Sunday, April 10, 2011

Puppy Mills Top Discussion at State Rep. John Diehl's Town Hall Meeting Despite new districts just being drawn in the St. Louis area, puppy mills dominated the dialogue as State Rep. John Diehl talked to constituents Thursday night. By Ryan Krull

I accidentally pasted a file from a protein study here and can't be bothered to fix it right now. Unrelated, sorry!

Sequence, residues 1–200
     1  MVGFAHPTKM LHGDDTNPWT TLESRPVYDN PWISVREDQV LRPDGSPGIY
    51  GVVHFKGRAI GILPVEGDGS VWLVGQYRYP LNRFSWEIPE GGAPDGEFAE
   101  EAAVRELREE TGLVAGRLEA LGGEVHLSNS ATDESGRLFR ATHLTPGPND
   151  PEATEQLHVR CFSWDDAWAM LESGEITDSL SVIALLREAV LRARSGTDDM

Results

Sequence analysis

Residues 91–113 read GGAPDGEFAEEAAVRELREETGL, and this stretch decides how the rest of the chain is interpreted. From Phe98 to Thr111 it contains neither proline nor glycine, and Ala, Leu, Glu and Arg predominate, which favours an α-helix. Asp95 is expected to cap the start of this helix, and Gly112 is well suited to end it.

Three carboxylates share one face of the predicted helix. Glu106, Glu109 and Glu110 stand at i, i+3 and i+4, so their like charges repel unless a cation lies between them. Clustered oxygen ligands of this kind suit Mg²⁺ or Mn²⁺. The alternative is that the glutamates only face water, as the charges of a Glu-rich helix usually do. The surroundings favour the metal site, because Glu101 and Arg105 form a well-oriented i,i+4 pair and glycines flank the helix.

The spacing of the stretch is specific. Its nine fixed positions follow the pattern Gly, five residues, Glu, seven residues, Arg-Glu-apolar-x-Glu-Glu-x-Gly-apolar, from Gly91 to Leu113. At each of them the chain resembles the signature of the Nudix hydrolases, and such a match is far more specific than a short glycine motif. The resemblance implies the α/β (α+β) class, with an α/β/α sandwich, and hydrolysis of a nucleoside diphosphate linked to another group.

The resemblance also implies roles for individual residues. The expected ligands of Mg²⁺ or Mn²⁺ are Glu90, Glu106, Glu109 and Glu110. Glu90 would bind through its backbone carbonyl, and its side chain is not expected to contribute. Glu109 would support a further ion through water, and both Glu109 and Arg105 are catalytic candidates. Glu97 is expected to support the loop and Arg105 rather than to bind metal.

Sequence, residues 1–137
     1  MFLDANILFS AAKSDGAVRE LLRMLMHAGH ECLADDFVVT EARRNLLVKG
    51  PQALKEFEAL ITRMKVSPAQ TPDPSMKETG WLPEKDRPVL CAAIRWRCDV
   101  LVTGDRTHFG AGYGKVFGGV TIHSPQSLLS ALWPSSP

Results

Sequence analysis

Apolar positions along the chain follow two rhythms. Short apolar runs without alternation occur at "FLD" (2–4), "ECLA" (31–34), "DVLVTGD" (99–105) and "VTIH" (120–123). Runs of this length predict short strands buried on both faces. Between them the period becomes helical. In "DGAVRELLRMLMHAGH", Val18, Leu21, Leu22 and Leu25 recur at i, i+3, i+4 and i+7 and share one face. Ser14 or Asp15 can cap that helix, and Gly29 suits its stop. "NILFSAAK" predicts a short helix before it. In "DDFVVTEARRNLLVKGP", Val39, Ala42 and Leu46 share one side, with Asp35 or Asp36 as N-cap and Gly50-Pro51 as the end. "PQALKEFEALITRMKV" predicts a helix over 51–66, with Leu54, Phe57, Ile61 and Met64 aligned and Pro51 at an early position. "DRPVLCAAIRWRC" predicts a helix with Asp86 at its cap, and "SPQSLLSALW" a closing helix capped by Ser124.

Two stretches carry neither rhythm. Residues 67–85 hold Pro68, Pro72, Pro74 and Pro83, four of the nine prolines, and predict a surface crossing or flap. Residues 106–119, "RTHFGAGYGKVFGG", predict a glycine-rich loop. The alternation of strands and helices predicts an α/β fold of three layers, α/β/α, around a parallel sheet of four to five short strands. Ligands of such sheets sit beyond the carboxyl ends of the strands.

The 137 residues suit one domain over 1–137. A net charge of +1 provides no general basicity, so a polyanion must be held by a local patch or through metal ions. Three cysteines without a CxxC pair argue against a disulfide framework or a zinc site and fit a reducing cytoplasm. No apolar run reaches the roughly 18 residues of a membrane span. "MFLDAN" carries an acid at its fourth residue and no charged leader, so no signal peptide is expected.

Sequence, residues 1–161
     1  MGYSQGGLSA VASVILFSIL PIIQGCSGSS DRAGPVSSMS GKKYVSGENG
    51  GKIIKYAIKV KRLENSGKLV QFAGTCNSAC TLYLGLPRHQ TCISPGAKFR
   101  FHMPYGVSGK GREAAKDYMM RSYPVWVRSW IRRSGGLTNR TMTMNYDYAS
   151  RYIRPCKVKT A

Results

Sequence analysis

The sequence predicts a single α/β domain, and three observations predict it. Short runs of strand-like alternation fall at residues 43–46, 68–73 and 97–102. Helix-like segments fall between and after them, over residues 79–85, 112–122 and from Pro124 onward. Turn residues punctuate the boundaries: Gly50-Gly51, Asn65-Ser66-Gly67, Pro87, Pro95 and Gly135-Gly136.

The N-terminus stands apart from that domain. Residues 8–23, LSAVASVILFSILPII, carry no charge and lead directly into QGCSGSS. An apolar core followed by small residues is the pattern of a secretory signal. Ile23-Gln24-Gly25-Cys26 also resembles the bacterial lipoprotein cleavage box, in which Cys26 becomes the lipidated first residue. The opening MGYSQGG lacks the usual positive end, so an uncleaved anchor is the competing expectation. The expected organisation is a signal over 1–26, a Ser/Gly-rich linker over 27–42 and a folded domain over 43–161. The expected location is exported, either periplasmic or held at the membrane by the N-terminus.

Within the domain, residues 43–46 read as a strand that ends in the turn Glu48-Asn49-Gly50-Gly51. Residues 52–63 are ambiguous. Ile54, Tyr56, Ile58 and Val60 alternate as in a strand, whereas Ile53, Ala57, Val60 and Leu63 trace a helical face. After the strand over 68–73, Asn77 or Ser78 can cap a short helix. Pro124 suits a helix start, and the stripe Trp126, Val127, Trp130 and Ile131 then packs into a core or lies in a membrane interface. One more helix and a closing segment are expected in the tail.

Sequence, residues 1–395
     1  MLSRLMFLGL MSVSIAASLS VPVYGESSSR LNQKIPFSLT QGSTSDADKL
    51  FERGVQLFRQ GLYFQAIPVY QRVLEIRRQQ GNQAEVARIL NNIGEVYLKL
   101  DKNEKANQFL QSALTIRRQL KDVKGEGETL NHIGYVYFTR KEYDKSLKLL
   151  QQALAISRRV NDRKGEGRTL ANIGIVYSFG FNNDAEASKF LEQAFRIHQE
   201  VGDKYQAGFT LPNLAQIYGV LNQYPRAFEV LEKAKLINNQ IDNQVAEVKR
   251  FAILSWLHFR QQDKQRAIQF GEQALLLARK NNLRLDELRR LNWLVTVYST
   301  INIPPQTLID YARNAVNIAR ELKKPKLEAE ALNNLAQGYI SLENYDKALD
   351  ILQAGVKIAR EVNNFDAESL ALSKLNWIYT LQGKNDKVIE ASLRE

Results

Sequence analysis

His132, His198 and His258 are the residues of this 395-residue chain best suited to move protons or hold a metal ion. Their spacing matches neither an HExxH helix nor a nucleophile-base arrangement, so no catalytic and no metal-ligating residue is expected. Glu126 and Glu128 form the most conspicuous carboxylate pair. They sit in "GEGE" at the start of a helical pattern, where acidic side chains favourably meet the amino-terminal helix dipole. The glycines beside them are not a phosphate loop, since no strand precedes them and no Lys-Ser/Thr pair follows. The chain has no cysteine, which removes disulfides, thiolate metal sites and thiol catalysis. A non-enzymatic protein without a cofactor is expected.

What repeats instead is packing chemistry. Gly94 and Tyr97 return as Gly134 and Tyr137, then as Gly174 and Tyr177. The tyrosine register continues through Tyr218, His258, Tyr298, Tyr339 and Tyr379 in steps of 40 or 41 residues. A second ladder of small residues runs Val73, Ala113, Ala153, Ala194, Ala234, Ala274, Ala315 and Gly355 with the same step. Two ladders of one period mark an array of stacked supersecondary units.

April 8, 2011 Missouri State Rep. John Diehl, R-Town and Country, held a town hall meeting at the Brentwood Recreation Center Thursday night. The Republican represents Missouri’s 87th district in the State House of Representatives. The district includes Town and Country, Brentwood, Frontenac, Ladue, Rock Hill, Crystal Lake Park and Webster Groves, among other municipalities. With all of the changes to St. Louis area congressional districts taking place, one might think that redistricting would dominate the meeting. However, the subject matter of the town hall was largely decided by his constituents and they wanted to discuss puppy mills. The meeting lasted about one hour and 20 minutes. Roughly half that time was dedicated to a back and forth between Diehl and supporters of Proposition B and dog-breeding reform. In November, voters narrowly passed the Puppy Mill Cruelty Act, otherwise known as Prop B. It sought to toughen regulations on dog breeders, whose operations are often referred to as puppy mills, in Missouri. Since November, however, representatives from rural parts of the state have backed Special Bill 113, a bill that would change the Prop B legislation and, according to some, water it down. Diehl was largely in agreement with those in attendance, and said he supported more regulation of dog-breeding operations. However, Diehl said that SB 113 “is going to pass,” and he wasn’t sure if Governor Jay Nixon would veto it. Ladue resident Nancy Grove said Diehl should vote against SB 113 outright. However, Diehl stated that he felt he could do more by negotiating and finding some middle ground between Prop B and SB 113. Others in the crowd also voiced their disdain for SB 113, not so much out of a love for animals, but out of a distaste for seeing the government in Jefferson City not abiding by something that was voted on by the people and passed. One Brentwood resident, who wished to not be named, said he felt SB 113 was like a dictator overruling the will of the people. “That’s what it feels like to me,” he said. “It’s very offensive.” “Why bother to carry these petitions? Why bother to vote?” Margot Martin, Frontenac resident, asked. Many in crowd wore buttons that read, “Defend Prop B For Dog’s Sake.” Others wore T-shirts saying things like “Stop puppy mills.” “I now have my second puppy mill rescue dog,” Crystal Lake Park resident Helena Servis said. “I’m here to tell you it’s a travesty how we procure our animals.” Servis said she is not usually politically active, but Prop B is different. Though Prop B and SB 113 dominated the meeting, other issues were addressed.

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